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Disagreements between the Salafi-oriented Nour Party and the Muslim Brotherhood's Freedom and Justice Party have escalated over the text of the second article of Egypt's anticipated constitution.
The Nour Party has threatened to withdraw from the Constituent Assembly tasked with drafting the constitution and to rally "millions" of opponents of the anticipated document if drafters fail to amend its second article, which stipulates that the "principles" of Islamic sharia are the main source of legislation.
The party insists on removing the word "principles", making Islamic sharia the main source of legislation and thus guaranteeing a more extensive application of Islamic law, but the FJP supports keeping the article as is.
Senior Nour Party leader and constituent assembly member Younis Makhyoun told Al-Masry Al-Youm that Salafis will reject any constitution that is at odds with Sharia and maintains Article 2 in its current form.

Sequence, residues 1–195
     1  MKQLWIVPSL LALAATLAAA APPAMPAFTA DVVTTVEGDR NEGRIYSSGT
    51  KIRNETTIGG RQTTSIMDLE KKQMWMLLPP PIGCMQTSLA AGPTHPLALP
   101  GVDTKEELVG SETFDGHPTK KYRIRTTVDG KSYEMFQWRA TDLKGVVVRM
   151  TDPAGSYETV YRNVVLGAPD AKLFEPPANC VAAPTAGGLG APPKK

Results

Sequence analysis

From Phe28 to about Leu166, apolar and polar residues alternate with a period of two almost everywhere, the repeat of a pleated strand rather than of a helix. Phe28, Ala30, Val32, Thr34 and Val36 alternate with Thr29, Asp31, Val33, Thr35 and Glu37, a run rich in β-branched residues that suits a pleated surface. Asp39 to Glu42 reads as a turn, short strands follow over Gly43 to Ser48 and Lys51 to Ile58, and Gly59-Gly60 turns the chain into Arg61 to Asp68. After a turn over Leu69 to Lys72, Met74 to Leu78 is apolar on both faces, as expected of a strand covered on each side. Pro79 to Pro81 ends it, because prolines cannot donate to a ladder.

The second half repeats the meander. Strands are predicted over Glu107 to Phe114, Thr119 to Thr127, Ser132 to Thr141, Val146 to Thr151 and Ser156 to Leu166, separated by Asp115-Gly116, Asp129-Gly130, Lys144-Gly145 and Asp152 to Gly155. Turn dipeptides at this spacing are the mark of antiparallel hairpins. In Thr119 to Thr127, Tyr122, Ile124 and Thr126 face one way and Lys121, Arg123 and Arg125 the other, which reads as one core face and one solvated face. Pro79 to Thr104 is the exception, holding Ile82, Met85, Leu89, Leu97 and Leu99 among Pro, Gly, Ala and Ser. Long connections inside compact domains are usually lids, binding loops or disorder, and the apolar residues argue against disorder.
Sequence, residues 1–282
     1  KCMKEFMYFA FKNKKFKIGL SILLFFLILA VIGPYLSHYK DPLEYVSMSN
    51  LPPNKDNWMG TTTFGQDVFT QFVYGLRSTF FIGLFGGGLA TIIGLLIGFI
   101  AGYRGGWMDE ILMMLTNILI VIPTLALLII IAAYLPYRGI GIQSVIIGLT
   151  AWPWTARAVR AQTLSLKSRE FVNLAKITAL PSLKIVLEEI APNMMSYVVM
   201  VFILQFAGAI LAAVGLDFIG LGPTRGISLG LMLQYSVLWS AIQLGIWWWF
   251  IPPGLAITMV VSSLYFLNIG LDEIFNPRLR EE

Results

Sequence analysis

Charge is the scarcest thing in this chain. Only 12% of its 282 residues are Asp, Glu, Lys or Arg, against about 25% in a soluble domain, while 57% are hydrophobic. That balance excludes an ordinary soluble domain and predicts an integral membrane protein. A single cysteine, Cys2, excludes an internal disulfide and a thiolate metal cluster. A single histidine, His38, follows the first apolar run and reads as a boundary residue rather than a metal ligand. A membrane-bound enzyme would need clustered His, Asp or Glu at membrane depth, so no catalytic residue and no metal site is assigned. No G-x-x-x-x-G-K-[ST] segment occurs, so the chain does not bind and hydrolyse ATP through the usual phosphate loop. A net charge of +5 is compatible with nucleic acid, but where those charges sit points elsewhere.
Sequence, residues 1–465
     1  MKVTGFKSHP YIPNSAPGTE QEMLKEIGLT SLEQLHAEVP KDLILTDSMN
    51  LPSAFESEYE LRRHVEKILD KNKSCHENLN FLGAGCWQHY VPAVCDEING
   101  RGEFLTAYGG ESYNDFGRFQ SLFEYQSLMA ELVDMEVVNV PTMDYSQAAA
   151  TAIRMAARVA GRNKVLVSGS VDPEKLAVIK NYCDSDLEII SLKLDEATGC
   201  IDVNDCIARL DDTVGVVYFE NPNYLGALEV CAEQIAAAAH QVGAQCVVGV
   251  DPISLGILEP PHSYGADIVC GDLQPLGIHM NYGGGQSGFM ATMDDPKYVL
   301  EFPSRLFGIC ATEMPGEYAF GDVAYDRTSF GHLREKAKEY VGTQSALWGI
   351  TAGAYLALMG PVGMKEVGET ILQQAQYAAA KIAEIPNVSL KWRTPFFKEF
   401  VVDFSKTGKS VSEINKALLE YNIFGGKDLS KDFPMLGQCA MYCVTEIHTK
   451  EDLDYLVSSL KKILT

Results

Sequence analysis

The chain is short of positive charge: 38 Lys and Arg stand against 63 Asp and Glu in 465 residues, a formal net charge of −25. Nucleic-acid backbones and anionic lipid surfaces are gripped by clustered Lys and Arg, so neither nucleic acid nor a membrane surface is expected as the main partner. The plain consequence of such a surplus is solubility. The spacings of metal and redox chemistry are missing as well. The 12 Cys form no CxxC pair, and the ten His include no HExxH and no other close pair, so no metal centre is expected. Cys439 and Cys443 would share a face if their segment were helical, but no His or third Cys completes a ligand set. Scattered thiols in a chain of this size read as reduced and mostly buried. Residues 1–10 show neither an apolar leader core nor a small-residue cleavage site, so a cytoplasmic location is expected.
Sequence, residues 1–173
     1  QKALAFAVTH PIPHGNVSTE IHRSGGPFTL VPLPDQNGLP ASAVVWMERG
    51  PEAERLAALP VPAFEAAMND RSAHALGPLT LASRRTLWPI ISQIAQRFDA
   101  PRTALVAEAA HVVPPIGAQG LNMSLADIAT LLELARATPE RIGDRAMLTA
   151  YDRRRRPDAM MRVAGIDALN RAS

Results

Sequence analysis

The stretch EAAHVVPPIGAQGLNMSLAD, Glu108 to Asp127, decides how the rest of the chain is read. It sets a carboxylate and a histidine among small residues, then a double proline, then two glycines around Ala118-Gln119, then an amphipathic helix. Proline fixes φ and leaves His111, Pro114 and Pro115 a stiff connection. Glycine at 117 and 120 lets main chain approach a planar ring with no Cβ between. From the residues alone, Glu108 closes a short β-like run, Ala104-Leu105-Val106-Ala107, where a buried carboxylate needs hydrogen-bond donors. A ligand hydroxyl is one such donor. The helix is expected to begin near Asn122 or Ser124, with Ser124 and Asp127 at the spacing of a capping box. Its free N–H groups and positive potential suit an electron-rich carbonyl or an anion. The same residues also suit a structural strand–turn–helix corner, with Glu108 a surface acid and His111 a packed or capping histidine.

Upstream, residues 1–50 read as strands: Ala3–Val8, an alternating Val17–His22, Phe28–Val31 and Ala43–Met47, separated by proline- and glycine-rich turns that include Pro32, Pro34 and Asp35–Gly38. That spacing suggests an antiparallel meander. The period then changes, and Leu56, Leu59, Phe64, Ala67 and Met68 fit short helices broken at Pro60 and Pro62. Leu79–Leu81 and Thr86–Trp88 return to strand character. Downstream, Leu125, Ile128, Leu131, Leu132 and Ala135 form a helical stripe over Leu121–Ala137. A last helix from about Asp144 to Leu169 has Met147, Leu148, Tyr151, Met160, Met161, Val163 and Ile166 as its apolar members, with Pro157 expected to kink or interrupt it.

Makhyoun said the failure to remove the word "principles" would give the chance to the Supreme Constitutional Court to interpret Sharia.
But Ali Abdel Fattah, an FJP leader, told Al-Masry Al-Youm that the Brotherhood opposes any change to the article, and added that the term "principles" involves all forms of justice and integrity.
Abdel Fattah pointed out that the Supreme Constitutional Court has nothing to do with the interpretation of the article which, he said, does not require any clarification.
Edited translation from Al-Masry Al-Youm